clock menu more-arrow no yes

Filed under:

Willie Gay Jr. is confident in his knowledge of the playbook; he’s ‘ready to make plays’

The young linebacker was very honest about how the shortened offseason of his rookie year set him back.

Kansas City Chiefs Training Camp Photo by Peter Aiken/Getty Images

It’s been well-documented by now, but the pandemic-affected NFL season last year was tough on first-year players. You wouldn’t know it by watching the Kansas City Chiefs; rookies like Clyde Edwards-Helaire, L’Jarius Sneed and Mike Danna made big impacts throughout the year despite a shortened offseason with a lack of in-person practice.

Linebacker Willie Gay Jr. made plays in spots but wasn’t as consistently on the field as the aforementioned players. Instead of hiding the hardship he faced, Gay has been very open about how uncomfortable he was with the scheme and the playbook in his rookie season.

“You have confidence as a player because you’ve been doing it your life,” Gay began to share with reporters on Friday. “But when you can’t prepare like you normally do and you get that new playbook, the confidence level goes down a lot. Having OTAs, having this good training camp we’re at right now, and learning even more, it boosted it up a lot.”

Gay appeared to gain steam as the season went along in 2020. He began to contribute more and see the field more as the season went — but he still struggled to fully digest defensive coordinator Steve Spagnuolo’s scheme.

“The playbook was coming on, but slowly last year,” Gay admitted. “You get in those games when you do make a few plays here or there, it helps you, you go ‘okay I feel like I can play with these guys.’”

“This year, I’m ready to make some plays.”

Gay is feeling more confident about everything that comes with playing linebacker in the modern NFL — and it’s translated to the practice field so far in the first week of training camp. Pete Sweeney noted that Gay had two pass breakups on the first day, and Friday, he deflected another pass while covering wide receiver Tyreek Hill.

Gay attributes the play-making directly to feeling better about his knowledge of his responsibility on a play-to-play basis.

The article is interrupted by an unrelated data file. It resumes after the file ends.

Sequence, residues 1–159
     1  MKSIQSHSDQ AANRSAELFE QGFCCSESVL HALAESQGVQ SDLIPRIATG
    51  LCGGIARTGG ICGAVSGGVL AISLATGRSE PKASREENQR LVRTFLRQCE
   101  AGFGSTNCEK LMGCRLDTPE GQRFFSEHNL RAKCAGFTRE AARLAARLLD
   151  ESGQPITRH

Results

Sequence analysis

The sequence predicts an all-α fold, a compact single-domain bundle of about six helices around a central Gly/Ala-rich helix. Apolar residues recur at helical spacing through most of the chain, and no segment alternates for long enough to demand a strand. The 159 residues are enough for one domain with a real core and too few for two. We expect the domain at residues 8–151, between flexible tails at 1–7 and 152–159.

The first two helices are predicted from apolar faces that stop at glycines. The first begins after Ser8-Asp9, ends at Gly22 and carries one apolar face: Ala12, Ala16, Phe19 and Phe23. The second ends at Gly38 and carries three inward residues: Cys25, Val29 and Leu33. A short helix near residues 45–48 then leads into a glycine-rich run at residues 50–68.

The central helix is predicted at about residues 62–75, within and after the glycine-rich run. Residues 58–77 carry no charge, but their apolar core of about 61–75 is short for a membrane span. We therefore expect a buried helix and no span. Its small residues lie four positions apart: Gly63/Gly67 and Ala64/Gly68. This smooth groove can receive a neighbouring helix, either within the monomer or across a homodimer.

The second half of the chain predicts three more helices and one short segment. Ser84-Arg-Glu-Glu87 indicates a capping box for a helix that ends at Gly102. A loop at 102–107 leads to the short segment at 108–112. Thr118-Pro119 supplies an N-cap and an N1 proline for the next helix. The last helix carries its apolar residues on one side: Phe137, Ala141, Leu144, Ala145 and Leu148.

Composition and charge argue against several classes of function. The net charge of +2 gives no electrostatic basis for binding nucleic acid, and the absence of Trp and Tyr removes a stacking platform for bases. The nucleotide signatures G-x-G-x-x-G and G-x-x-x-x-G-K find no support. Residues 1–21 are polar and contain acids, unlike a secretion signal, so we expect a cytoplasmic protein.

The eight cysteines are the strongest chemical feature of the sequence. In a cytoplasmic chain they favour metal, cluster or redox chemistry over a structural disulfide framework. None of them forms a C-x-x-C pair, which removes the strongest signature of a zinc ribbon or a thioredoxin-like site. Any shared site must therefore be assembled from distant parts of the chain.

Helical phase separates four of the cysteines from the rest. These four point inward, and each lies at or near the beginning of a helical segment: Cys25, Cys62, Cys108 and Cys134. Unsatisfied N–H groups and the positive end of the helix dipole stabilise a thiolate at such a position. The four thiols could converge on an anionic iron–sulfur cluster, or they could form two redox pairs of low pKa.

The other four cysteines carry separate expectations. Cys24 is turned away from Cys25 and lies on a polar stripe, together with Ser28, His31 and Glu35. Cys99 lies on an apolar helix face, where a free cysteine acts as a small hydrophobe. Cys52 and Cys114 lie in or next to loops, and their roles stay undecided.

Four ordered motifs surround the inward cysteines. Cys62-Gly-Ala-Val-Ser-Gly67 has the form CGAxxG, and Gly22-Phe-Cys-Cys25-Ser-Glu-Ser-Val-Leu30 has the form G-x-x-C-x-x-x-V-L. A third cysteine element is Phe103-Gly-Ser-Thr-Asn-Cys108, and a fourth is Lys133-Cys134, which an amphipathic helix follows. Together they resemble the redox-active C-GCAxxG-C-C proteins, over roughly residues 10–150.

“I put that on knowing the details of the play-call,” Gay explained. “Knowing exactly where to drop, just doing my job to a whole different level this year. Last year, I was maybe one step short of it — but this year, just being right on point of everything.”

Gay’s facing as great a challenge in training camp as he’ll face against any opposing NFL team. Quarterback Patrick Mahomes has already been dishing out his famous no-look passes this week, which makes it all the more impressive that Gay’s been able to make plays on some of Mahomes’ passes.

Again, his comfort with the scheme allows him to be in the right place — even with Mahomes doing his best to throw defenders off with his eyes.

“In college, you can read the quarterback’s eyes — but in this league, you have to trust your [responsibility],” Gay pointed out. “Last year, I didn’t know the scheme — so I was reading the quarterback’s eyes a lot of the time. This year, you can trust your drop, trust your scheme, trust your play-call, and it’ll put you in the right position every time.”

Confidence is a huge factor in a player’s performance, and it doesn’t sound like Gay lacks any of it this season. He’ll naturally have a bigger role this season in his second year, plus former Chiefs linebacker Damien Wilson departing in free agency.

Gay’s making it clear that he’s ready to take the next step and be a consistently impactful player for the defense. From what we can take away from training camp, he’s backed up that confidence so far with his on-field performance.